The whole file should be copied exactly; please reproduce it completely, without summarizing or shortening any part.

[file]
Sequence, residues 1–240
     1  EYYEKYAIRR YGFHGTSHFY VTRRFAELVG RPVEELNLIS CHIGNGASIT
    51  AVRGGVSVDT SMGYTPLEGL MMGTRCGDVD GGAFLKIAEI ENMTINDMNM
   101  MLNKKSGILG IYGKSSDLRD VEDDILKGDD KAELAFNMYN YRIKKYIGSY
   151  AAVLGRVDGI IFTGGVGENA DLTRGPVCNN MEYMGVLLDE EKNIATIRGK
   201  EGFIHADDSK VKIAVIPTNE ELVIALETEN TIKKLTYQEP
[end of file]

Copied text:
Sequence, residues 1–240
     1  EYYEKYAIRR YGFHGTSHFY VTRRFAELVG RPVEELNLIS CHIGNGASIT
    51  AVRGGVSVDT SMGYTPLEGL MMGTRCGDVD GGAFLKIAEI ENMTINDMNM
   101  MLNKKSGILG IYGKSSDLRD VEDDILKGDD KAELAFNMYN YRIKKYIGSY
   151  AAVLGRVDGI IFTGGVGENA DLTRGPVCNN MEYMGVLLDE EKNIATIRGK
   201  EGFIHADDSK VKIAVIPTNE ELVIALETEN TIKKLTYQEP